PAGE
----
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Issue #82

Issue #82

Dear Krautshell Friends,

Happy Easter to you and all your families. May you celebrate new life and use this special time for reflection if you observe the holiday, and if you don’t, we hope you get to benefit from all the candy that goes on sale starting Monday. 

We would love to send you another edition of the Krautshell this week, but it’s scientifically impossible to do so lying down on a beach holding a cocktail in one hand and a book in the other. Trust us, we’ve tested it.

Don’t worry, you’re not missing much this week anyways. All of Brussels and Berlin is on low-power mode as the Institutions are closed for the four-day weekend (like seriously, the amount of Out-of-Office Automatic Replies we’re getting is too damn high).

If you’ve made it this far, we don’t want to leave you completely empty-handed, so we’re giving you a little Easter Present, three Long Story Shorts. No need to thank us ?.

  • Family Minister No More: This week, Federal Minister for Family Affairs Anne Spiegel (Greens) stepped down from her post following criticism of her comportment after the floods in South-Western Germany in Summer 2021. At that time, Spiegel was Minister for the Environment in the state most affected by the floods and she took a four-week family vacation in France only 10 days after the floods. Bad press followed, and so did the pressure, leading to Spiegel’s resignation.
  • Thanks but No Thanks: German Federal President Frank-Walter Steinmeier (SPD) was planning to visit Kyiv along with the Presidents of Poland and the three Baltic States, but he received a very clear message from Ukrainian leaders: don’t come. The reasoning: Steinmeier, who previously also served as Germany’s Foreign Minister, is seen as a symbol of Germany’s previous soft stance on Russia. Steinmeier has already publicly admitted he was wrong to underestimate Putin and support the Nord Stream 2 Project, but this wasn’t enough for Ukraine to open their doors to him. For Germany, this is really embarrassing.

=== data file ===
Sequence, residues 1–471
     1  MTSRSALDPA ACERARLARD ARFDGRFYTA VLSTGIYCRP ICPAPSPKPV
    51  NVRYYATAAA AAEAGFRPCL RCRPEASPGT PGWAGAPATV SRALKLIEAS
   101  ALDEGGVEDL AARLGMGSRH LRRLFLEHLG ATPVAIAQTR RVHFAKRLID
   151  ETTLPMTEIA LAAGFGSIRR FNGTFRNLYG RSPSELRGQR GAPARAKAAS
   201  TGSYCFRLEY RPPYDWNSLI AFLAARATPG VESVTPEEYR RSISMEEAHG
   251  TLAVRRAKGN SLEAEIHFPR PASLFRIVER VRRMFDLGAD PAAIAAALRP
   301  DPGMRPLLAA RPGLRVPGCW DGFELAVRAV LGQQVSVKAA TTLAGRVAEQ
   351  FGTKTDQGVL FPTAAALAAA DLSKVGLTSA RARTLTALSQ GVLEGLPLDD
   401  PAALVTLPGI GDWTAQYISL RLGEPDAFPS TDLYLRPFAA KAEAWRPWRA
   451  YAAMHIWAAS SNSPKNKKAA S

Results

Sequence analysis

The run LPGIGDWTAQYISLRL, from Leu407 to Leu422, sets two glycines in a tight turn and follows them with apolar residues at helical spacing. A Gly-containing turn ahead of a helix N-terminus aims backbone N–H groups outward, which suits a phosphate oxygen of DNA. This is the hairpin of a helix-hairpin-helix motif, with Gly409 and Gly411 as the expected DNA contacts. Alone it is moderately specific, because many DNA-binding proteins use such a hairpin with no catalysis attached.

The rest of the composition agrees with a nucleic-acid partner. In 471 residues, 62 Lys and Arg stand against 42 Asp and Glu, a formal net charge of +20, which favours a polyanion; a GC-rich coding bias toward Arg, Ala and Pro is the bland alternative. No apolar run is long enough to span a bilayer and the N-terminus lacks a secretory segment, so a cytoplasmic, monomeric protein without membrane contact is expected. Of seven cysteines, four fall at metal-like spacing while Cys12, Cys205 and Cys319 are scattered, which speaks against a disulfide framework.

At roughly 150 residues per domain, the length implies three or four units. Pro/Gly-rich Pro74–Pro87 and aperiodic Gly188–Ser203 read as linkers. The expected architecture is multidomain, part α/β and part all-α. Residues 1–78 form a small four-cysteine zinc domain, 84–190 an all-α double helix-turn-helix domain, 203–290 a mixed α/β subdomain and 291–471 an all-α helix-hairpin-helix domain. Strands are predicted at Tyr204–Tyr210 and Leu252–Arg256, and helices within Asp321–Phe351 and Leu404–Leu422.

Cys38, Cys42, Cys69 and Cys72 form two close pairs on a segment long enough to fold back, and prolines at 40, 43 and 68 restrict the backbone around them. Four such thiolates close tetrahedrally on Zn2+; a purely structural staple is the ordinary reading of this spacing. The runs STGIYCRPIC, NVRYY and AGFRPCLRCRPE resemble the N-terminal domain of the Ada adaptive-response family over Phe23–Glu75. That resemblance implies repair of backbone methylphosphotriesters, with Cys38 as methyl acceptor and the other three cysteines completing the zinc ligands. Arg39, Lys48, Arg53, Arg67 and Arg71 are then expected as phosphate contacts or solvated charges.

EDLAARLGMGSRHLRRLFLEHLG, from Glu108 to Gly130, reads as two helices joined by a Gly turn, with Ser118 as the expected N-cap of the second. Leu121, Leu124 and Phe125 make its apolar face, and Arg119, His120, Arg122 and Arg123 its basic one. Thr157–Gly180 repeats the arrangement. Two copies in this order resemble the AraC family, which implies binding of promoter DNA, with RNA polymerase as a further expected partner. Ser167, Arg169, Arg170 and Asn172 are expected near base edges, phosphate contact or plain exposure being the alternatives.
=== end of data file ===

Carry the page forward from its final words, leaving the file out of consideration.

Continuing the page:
• Giving a Helping Hand: The German Government has decided to allocate over a billion euros to support companies affected by the war in Ukraine. Specifically, this aid is targeted at companies which, should they go out of business, would “have a significant impact on the German economy.” Or, as Federal Minister of Economics Robert Habeck (Greens) and Federal Minister of Finance Christian Lindner (FDP) put it, the “heart of the German economy.” This assistance will come in the form of equity injections, loan guarantees, and general financial aid.

We’ll be back next week with our signature to-be-ignored-at-your-own-risk intel. If you’re dying to know some information before then, you can always ping us.

All the best,

Your Krautshell Team